Five Minute Consult
Qualify for a free subscription to HealthLeaders magazine.
Interim CEO and head of nursing
Monroe County Hospital
Monroe County Hospital takes staff education seriously. So seriously, in fact, that it created its own in-house university, MCH-U. All employees at the 25-staffed-bed critical-access hospital must earn at least 14 credits a year in classes, says Sally Bachman.
Bachman: Employees take required courses, which change every year, and then take electives to make up the rest of their credits. Our electives have ranged from bow-making and quilting to finance--whatever somebody wants to teach.
Our required classes this year include two on having "crucial" conversations, a class on recognition and reward, and a class called P Squared, which is posture. We don't have normal levels like freshmen, juniors, and seniors. We use a sea theme because our mascot here is a dolphin. Everybody starts as a sponge. The highest level you can achieve is the blue whale. We don't have any blue whales yet. It takes 1,300 credits to become a blue whale. Personally, I'm an elephant hermit crab--that's about six levels in.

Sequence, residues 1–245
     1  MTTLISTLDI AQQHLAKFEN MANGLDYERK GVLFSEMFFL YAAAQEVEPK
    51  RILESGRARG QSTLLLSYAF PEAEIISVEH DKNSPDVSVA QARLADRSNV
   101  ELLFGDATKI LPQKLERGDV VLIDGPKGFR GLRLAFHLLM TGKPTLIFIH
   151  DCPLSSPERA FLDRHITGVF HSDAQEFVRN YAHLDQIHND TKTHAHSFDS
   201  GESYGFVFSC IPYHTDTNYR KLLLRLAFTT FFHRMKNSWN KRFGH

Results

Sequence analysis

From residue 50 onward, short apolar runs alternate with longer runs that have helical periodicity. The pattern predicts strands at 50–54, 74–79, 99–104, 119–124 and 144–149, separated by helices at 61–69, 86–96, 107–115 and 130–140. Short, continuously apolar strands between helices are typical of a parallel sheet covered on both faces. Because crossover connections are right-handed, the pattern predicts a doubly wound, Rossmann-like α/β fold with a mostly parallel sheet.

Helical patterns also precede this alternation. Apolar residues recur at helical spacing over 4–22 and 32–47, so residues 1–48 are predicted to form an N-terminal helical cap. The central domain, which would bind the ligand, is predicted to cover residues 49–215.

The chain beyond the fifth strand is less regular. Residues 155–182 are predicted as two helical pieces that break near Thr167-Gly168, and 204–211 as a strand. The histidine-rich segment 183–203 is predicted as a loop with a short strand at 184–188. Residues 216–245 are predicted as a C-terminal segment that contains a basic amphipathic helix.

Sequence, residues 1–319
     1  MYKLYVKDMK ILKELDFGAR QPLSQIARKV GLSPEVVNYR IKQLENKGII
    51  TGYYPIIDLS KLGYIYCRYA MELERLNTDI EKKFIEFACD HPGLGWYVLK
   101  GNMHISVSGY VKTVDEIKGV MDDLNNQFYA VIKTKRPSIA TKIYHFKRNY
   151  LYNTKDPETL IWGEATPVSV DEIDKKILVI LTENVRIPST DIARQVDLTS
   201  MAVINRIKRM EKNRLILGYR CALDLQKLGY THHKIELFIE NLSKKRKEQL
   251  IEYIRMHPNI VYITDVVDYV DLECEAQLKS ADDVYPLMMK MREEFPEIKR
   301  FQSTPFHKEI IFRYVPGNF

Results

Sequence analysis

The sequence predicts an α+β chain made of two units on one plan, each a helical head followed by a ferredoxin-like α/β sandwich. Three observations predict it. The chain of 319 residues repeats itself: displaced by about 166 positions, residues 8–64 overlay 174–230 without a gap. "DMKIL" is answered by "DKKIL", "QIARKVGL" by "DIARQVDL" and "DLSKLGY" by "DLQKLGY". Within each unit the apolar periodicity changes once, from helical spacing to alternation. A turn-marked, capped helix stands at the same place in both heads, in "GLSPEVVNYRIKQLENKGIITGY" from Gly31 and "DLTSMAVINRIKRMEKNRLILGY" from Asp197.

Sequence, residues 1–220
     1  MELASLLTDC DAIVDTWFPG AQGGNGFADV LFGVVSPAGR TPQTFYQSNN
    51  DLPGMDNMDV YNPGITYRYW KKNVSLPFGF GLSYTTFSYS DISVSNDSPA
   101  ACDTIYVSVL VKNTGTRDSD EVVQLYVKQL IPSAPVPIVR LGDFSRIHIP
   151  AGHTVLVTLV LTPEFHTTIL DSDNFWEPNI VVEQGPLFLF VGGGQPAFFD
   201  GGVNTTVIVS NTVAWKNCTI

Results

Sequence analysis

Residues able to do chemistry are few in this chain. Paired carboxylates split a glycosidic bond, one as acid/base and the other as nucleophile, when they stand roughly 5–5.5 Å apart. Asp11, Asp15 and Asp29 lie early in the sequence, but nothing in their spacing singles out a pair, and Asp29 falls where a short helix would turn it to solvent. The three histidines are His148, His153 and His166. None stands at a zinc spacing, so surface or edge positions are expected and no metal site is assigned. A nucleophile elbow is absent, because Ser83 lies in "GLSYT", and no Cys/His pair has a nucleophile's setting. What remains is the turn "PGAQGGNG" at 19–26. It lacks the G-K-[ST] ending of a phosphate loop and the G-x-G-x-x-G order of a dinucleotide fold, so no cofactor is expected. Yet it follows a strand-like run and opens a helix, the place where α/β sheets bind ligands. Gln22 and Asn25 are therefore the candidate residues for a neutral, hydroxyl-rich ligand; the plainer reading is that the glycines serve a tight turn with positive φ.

Our patient satisfaction has been running 98 to 99 for a couple of years. Our employee satisfaction has been running 98 for the past three years. We have happy staff and happy patients, but it's more than that. When you work in housekeeping or dietary, nobody usually cares whether you go to a program or you learn something. MCH-U broadens their horizons. They get a certificate for every class. They are very proud of those.
- The Secret to Physician Engagement? It's Not Better Pay
- Two-Midnight Rule Must be Fixed or Replaced, Say Providers
- Don't Underestimate Emotional Intelligence
- Yale New Haven Health Partners with Tenet Healthcare in CT
- Care Coordination Tough to Define, Measure
- 4 Reasons PCMH Principles Aren't Going Away
- Size Matters in Antibiotic Overuse
- Evidence-Based Practice and Nursing Research: Avoiding Confusion
- CDC Warns of Antibiotic Overuse in Hospitals
- SCOTUS Review of NC Board Case 'A Very Big Deal' to Providers